The creek’s first pokeweed seedlings popped up in spring.

By July, their leafy crimson stems sprawled widely over the hillside, blooming white-sepaled clusters of tiny flowers.

These flowers soon produced some tough green fruit ripening through August into juicy purple berries.

The berries have since been crowding heavily on September’s and October’s ruddy stalks.

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Pokeweed is toxic to most animals, including humans, and especially children.  Severe, even fatal, poisoning is possible through ingestion.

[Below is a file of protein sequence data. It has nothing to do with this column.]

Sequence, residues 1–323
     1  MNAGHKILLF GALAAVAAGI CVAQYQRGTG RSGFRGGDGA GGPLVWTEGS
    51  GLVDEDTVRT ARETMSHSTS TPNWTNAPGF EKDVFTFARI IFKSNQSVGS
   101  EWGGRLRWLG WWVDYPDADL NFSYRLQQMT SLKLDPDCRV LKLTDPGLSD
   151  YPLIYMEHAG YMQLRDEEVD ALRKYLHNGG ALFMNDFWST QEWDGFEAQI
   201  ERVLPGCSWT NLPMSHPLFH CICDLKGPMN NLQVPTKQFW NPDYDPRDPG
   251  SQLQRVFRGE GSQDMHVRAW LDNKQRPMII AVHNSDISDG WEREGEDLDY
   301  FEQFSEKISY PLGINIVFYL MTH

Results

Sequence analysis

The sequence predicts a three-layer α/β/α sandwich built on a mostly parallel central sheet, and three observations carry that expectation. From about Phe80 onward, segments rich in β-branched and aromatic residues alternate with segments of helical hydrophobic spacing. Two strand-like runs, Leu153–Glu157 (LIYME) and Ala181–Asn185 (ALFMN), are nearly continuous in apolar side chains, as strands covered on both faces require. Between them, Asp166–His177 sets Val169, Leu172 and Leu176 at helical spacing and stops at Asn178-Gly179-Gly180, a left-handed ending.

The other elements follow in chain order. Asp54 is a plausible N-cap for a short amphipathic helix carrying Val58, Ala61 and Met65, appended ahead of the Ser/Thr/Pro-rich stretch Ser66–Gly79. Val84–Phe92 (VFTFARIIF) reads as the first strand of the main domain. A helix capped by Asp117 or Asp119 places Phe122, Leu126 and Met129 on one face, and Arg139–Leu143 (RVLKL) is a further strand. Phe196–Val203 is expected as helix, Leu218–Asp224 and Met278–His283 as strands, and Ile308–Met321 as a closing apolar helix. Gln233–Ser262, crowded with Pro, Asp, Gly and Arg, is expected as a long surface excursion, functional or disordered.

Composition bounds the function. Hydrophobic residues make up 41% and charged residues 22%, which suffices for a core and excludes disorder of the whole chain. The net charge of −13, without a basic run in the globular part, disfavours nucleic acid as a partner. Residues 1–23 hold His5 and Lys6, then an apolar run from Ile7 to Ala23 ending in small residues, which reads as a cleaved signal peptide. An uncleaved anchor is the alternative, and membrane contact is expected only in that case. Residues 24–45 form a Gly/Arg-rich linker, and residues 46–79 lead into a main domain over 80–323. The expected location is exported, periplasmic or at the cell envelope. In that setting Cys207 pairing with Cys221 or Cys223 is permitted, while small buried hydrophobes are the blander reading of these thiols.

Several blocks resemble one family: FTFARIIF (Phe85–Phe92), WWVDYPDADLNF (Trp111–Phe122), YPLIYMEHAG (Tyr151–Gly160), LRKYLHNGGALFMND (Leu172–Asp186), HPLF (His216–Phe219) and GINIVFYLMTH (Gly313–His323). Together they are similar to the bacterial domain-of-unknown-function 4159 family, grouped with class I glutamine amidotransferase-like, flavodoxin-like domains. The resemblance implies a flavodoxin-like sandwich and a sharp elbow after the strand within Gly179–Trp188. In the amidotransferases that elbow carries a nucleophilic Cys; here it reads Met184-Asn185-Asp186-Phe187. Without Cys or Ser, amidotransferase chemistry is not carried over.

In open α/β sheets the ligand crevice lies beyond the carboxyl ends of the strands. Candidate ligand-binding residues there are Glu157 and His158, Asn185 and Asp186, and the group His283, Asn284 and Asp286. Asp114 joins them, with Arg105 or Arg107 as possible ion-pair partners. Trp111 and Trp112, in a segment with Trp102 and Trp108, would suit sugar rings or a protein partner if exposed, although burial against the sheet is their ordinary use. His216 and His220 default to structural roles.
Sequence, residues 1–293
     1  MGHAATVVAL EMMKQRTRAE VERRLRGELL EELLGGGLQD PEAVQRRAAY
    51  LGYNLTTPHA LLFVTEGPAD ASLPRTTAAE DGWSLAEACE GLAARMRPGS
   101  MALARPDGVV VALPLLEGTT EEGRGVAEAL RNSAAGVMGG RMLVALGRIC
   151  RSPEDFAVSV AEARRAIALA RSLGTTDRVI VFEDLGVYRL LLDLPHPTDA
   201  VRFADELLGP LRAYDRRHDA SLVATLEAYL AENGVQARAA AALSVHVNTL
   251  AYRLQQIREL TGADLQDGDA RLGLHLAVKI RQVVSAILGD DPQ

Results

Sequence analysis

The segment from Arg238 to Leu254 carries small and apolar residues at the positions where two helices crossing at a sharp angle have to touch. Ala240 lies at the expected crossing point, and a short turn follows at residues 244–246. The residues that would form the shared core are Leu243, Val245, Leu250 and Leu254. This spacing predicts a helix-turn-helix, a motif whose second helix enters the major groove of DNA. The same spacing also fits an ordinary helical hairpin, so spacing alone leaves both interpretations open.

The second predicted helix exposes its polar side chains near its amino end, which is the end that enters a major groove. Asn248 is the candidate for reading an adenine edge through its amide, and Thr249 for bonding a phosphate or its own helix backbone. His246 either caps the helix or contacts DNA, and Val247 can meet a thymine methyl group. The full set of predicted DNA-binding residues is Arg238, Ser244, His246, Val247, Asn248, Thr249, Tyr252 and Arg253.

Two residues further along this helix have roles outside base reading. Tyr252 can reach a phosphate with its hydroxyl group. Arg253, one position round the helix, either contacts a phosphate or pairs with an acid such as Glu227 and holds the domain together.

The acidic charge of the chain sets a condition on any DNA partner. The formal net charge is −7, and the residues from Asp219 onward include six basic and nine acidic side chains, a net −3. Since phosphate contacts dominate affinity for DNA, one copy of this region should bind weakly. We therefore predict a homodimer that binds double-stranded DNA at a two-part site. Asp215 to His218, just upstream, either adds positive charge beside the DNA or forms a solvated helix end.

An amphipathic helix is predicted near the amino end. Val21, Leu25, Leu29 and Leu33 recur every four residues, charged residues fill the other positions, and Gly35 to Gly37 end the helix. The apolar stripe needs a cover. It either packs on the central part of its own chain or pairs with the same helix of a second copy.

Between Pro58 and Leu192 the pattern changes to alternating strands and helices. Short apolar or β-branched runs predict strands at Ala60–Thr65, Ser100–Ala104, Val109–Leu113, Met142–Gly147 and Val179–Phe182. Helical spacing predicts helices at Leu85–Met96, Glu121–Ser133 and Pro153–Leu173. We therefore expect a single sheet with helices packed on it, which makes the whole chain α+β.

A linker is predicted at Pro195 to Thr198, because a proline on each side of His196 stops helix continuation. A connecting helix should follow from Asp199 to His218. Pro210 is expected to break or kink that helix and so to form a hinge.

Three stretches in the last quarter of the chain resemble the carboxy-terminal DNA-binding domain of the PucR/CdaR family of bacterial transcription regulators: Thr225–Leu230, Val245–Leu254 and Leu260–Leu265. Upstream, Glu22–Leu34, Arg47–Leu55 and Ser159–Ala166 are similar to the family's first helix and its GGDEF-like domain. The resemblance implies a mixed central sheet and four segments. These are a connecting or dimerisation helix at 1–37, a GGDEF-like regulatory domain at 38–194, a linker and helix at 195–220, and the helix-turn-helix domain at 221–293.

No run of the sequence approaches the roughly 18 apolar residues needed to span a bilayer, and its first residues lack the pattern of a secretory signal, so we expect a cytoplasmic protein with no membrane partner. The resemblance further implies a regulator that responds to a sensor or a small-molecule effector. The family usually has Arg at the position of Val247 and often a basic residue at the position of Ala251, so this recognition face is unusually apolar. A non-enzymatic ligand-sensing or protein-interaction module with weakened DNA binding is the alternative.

Still, Native Americans in the area are said to have found several uses for the plant. One was the fashioning of a red dye from its berries.

Likewise, since colonial times, pokeweed has made a convenient ink for writing.

These uses have inspired another common name: inkberry.

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Native to the eastern states, pokeweed is plentiful in the region.

So making a small jar of Little Crum Creek’s American Pokeweed Ink is as simple as pressing and straining a bowlful of berries.

With a simple dip of the pen, we can soon be writing with the creekside.

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Salt & vinegar might help preserve the ink & hold the color. But neither are necessary. Careful around pets & children–the ink is still toxic.

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